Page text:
Having provided a general description of the object ejection system 100, a more detailed description of a particular physical implementation thereof will now be provided. In doing so, reference should now be made to
A speed sensor 208, which is also disposed within the housing 146, is configured to sense the rotational speed (or charge state) of the energy storage flywheel 108. The speed sensor 208 in turn supplies a speed signal 212 to the control circuit 148 that is representative of flywheel rotational speed. The control circuit 148 preferably uses this speed signal 212 to determine the rotational speed of the energy storage flywheel 108 and, based on the determined speed, whether to energize or de-energize the motor 112. It will be appreciated that the speed sensor 208 may be implemented as any one of numerous types of rotational speed sensors now known or developed in the future, including for example, an optical sensor, a Hall effect sensor, a potentiometer, and a resolver.
In addition to each of the previously described components, the ejection system 100 further includes a gear train 214 and a clutch 216. The gear train 214, which may be implemented using any one of numerous types of gear arrangements, is preferably configured as a step-down gear train and is coupled to the flywheel shaft 206. As such, it receives a rotational drive force from the energy storage flywheel 108 at first rotational speed, and supplies the rotational drive force to the pump 106, via the clutch 216, at a second, lower rotational speed.
The clutch 216 is disposed between the gear train 214 and the fluid pump input shaft 204 and selectively couples the gear train 214 to, and decouples the gear train 214 from, the fluid pump input shaft 204. To do so, the clutch 216 is coupled to receive clutch engage and clutch disengage commands from, for example, the fire control panel 150 (not shown in
In addition to lubricating various bearing assemblies 218 and other equipment, in an alternative embodiment the lubricant system 250 is also used to control the operation of a torque converter. More specifically, and with reference now to
The alternate system 100 includes the same components and systems as those shown in
The object ejection system 100 described herein uses an energy storage flywheel 108 to drive the fluid pump 106 that is used to supply pressurized fluid to the impulse tank 104. The system 100 includes fewer components than currently used systems that rely on pressurized air as the energy source for the fluid pump, the components that are used take up less space, and are maintained less frequently, as compared to currently used components, and are in many instances relatively quieter during operation.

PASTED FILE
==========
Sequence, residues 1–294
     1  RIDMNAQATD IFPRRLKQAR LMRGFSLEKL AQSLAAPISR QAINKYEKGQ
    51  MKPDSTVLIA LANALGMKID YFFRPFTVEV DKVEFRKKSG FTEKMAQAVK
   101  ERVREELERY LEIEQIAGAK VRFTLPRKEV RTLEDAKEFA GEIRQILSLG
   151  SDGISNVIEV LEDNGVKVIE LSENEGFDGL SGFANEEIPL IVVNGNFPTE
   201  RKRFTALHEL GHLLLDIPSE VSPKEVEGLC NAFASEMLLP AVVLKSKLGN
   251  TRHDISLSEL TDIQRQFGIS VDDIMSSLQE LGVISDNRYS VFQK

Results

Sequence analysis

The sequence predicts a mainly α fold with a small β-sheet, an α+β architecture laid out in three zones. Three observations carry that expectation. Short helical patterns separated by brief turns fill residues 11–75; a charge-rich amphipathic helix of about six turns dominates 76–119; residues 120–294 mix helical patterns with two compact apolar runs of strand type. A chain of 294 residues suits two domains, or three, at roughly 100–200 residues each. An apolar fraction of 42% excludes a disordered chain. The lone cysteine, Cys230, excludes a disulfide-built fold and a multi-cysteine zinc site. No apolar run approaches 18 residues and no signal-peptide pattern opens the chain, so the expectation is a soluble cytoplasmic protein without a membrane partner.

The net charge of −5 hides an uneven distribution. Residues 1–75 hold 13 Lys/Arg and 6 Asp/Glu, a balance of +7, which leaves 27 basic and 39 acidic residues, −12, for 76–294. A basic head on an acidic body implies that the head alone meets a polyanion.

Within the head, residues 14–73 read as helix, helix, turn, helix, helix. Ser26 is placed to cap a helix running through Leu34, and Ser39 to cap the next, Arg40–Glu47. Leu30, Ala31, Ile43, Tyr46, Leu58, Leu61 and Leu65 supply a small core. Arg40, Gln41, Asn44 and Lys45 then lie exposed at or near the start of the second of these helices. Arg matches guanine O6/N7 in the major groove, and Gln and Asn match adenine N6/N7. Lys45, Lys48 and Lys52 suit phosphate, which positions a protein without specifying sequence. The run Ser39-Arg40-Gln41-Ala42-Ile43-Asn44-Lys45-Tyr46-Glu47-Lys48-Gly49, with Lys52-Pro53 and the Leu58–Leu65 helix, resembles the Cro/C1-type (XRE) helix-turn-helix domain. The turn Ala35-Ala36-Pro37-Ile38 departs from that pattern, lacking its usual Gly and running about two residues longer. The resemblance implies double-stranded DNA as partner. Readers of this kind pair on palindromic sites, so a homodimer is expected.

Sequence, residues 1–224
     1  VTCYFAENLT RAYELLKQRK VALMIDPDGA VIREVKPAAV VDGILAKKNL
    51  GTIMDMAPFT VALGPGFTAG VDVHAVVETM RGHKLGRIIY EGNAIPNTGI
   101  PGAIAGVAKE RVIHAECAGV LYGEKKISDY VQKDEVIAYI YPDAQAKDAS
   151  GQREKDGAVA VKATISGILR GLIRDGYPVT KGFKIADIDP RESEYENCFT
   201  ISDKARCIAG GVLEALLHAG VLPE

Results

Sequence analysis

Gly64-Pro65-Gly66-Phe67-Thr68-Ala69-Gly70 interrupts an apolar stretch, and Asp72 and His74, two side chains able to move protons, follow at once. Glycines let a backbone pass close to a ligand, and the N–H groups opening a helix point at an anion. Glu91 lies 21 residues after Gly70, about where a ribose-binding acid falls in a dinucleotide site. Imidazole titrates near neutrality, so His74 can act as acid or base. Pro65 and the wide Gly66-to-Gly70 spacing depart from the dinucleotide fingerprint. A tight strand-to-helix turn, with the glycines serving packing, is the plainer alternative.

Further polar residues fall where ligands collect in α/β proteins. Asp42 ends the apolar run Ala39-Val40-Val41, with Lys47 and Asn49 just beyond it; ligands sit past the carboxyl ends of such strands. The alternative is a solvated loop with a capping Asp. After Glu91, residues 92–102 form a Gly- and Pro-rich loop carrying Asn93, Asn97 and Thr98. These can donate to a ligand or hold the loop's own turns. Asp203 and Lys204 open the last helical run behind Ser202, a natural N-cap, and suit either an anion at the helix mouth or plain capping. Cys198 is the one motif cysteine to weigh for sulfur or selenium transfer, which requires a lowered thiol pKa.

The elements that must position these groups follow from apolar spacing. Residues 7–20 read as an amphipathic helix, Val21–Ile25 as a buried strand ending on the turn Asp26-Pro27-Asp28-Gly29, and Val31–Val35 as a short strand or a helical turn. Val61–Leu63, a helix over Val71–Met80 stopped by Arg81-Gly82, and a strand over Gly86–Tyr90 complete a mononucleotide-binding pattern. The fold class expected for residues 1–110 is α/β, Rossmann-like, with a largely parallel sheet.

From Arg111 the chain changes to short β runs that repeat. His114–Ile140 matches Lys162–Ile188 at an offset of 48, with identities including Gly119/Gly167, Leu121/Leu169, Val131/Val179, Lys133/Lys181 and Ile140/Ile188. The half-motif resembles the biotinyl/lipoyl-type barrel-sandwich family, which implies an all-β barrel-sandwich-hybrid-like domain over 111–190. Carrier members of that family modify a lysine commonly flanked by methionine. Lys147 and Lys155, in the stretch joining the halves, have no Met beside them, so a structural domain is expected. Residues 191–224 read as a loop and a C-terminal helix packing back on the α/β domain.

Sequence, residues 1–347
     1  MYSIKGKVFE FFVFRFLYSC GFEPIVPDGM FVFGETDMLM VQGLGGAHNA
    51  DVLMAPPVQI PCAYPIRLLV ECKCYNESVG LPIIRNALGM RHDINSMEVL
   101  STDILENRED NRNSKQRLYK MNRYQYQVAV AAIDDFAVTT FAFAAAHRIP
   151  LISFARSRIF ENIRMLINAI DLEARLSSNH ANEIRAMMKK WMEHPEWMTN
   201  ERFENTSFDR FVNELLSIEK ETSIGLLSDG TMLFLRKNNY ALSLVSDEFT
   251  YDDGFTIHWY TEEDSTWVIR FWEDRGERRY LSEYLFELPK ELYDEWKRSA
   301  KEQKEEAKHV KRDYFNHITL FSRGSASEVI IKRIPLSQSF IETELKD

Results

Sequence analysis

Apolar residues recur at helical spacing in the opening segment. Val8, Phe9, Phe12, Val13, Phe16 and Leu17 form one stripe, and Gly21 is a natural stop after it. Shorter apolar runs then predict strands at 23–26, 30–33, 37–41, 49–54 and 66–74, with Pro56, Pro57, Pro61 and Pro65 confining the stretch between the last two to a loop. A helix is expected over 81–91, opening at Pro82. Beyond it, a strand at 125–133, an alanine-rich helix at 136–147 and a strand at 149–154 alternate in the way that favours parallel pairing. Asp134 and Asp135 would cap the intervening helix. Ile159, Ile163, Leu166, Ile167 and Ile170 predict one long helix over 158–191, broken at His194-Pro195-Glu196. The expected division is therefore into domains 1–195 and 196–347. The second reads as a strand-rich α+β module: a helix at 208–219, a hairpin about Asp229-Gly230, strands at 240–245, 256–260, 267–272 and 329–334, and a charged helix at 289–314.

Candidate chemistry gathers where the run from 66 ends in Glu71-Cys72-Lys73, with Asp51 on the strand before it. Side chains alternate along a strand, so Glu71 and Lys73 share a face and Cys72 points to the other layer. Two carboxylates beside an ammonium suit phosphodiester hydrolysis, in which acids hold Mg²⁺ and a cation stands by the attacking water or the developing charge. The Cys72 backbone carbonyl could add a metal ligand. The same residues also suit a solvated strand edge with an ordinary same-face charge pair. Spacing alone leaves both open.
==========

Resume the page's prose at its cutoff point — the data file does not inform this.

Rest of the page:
While the invention has been described with reference to a preferred embodiment, it will be understood by those skilled in the art that various changes may be made and equivalents may be substituted for elements thereof without departing from the scope of the invention. In addition, many modifications may be made to adapt to a particular situation or material to the teachings of the invention without departing from the essential scope thereof. Therefore, it is intended that the invention not be limited to the particular embodiment disclosed as the best mode contemplated for carrying out this invention, but that the invention will include all embodiments falling within the scope of the appended claims.
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|Citing Patent||Filing date||Publication date||Applicant||Title|
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|U.S. Classification||114/238, 318/150, 89/5|
|Cooperative Classification||B63G8/38, B63G8/30, B63G8/32, F41F3/10|
|European Classification||F41F3/10, B63G8/32, B63G8/38, B63G8/30|
|May 4, 2005||AS||Assignment|
Owner name: HONEYWELL INTERNATIONAL, INC., NEW JERSEY
Free format text: ASSIGNMENT OF ASSIGNORS INTEREST;ASSIGNORS:RAYNER, JEFFREY S.;WINGETT, PAUL T.;TOON, JOHN R.;AND OTHERS;REEL/FRAME:016532/0088
Effective date: 20050503
|Jul 18, 2014||REMI||Maintenance fee reminder mailed|
|Dec 7, 2014||LAPS||Lapse for failure to pay maintenance fees|
|Jan 27, 2015||FP||Expired due to failure to pay maintenance fee|
Effective date: 20141207